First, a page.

Taking A Stand: Bump Stocks
Lawmakers in New York and Connecticut are pushing to ban the sale and possession of “bump stocks,” devices that convert semiautomatic weapons into automatic firearms.
On Monday, state Assembly Speaker Carl Heastie called for a complete ban on bump stock devices in New York. Assembly Bill 8717 proposes to make it illegal to possess, manufacture or sell any so-called "firing accelerators" such as bump-fire devices and trigger cranks.
Albany area Democratic Assemblywoman Pat Fahy says the weapons used in last year’s Las Vegas mass shooting were equipped with bump-fire stocks. "As we know, in Las Vegas, about 500 bullets were fired off within a minute, killing dozens in the worst massacre yet in this country. So we wanna make sure, since Congress is incapable of acting, given the partisan divide there, we wanna make sure that it is banned, to not only possess these but to use these or manufacture or sell these bump-stock apparatuses that would turn a gun into a machine gun. I am very pleased: we introduced the bill, I guess in November, we were able to get a Senate Republican sponsor, Senator Lanza, and I think it is the first bipartisan gun bill sponsored since the SAFE Act over five years ago. And I'm very encouraged that the speaker is my prime sponsor, and very encouraged that we're getting good feedback from the governor's office as well."
Tim Andrews, president of gun rights advocacy group SCOPE-NY, which opposes state bump-stock legislation, says most law-abiding gun owners wouldn't want such devices. "Bump-stocks, especially when it comes to New York state, no one's aware of where any of these have been used in crimes. Obviously we have the one incident out in Vegas which is what is the thing that initiated all of this. But, it's with any legislation like this, and I would compare this with something like magazines, large capacity magazines, it takes the focus off the real issue. The real issue is keeping firearms away from criminals, and bump-stocks? If a criminal that wants to do no good is gonna do it, he's gonna find a place to get 'em, especially since they are available in other states, they're always gonna be available."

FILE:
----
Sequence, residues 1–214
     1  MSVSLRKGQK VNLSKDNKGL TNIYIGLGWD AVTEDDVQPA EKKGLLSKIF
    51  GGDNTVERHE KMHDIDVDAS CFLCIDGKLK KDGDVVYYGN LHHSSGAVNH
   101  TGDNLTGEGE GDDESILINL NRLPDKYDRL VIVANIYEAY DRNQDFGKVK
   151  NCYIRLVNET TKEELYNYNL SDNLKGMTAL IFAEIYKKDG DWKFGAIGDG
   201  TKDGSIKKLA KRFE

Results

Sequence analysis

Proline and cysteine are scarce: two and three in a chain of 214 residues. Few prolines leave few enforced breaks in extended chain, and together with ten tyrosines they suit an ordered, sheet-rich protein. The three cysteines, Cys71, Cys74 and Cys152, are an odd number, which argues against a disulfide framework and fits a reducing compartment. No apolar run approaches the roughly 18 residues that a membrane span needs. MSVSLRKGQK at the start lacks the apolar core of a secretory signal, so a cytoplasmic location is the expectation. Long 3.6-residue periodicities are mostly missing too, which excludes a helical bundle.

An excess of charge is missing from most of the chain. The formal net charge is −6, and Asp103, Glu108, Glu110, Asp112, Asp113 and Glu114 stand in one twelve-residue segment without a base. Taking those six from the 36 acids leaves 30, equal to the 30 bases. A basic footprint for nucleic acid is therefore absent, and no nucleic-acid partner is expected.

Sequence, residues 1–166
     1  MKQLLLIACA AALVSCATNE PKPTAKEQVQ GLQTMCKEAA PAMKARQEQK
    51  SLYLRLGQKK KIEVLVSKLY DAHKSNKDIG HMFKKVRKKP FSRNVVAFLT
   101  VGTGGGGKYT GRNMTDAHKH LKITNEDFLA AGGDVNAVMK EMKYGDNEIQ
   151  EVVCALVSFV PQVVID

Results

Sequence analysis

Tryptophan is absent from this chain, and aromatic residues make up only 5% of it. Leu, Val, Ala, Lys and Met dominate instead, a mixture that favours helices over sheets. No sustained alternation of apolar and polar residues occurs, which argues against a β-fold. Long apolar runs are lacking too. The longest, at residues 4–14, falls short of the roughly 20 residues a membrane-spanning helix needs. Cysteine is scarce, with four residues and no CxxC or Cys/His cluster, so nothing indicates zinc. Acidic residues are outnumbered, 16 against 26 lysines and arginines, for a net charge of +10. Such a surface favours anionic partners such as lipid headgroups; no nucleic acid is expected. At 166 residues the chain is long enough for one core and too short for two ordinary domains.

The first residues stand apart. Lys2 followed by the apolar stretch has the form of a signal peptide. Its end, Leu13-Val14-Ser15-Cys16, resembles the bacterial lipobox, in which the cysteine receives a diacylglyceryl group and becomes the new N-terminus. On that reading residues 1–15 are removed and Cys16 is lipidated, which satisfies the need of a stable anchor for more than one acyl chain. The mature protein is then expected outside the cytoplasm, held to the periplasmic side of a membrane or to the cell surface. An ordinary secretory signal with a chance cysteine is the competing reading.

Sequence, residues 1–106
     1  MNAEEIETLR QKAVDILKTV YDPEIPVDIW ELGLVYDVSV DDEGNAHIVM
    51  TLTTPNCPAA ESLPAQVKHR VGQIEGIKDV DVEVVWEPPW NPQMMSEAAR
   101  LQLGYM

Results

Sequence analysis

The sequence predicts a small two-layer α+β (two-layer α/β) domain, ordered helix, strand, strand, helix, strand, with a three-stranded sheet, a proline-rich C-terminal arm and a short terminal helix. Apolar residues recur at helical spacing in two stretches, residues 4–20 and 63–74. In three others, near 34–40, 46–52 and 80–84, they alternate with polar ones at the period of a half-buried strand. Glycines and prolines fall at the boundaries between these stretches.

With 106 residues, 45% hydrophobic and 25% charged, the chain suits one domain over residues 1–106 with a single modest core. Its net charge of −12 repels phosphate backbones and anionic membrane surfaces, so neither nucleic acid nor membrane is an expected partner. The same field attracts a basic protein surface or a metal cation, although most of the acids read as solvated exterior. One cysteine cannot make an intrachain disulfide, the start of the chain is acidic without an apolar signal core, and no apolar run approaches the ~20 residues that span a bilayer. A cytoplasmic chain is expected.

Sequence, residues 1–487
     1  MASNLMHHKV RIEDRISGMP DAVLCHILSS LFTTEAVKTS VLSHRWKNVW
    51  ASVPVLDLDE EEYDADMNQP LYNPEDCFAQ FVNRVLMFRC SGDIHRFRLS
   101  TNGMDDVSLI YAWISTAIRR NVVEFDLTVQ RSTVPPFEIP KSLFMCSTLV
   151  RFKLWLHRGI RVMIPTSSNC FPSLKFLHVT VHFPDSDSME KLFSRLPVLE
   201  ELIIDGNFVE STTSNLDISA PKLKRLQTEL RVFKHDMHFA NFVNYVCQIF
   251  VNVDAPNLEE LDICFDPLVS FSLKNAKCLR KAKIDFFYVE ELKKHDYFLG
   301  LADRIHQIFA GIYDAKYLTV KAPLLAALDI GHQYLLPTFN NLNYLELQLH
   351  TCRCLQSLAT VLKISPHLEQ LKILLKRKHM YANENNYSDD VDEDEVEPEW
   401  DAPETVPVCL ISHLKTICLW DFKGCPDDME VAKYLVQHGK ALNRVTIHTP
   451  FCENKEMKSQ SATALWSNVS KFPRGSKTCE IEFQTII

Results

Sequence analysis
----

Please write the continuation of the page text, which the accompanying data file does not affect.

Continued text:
On Tuesday, Connecticut Governor Dannel Malloy said he believes his state's legislature will approve a bump-stock ban during the session that starts on February 7. "Simply put, these devices are cheap, they are deadly, and they are completely and utterly unnecessary in our society." (Audio courtesy the Hartford Courant.)
That same day, outgoing New Jersey Governor Chris Christie signed a law outlawing bump stocks and similar devices. A 90-day window was established for anyone possessing such equipment, including manufacturers and retailers, to surrender such accessories to a law enforcement agency. New York State Rifle and Pistol Association President Tom King says bump-stocks are already outlawed in the Empire State... "...under the SAFE Act and under the Sullivan Law. If you read the description, they're considered a machine gun. I just think that what we're doing here is we're trying to make some headlines and make some hay in an election year where nothing needs to be done. It's already been taken care of. And if there's further regulation, it's the ATF that should be doing the regulating."
According to its website, the Bureau of Alcohol, Tobacco, Firearms and Explosives is currently reviewing its 2010 decision classifying bump-fire stocks as a firearm accessory not subject to regulation. Public comments are due by midnight January 25.
Via the ATF: You may submit comments, identified by docket number (2017R-22), by any of the following methods:
- Federal eRulemaking Portal: http://www.regulations.gov.
- Fax: (202) 648-9741.
- Mail: Vivian Chu, Mailstop 6N-518, Office of Regulatory Affairs, Enforcement Programs and Services, Bureau of Alcohol, Tobacco, Firearms, and Explosives, 99 New York Ave. NE, Washington DC 20226. ATTN: 2017R-22.
Instructions: All submissions received must include the agency name and docket number for this advance notice of proposed rulemaking (ANRPM). All comments received will be posted without change to the Federal eRulemaking portal, http://www.regulations.gov, including any personal information provided.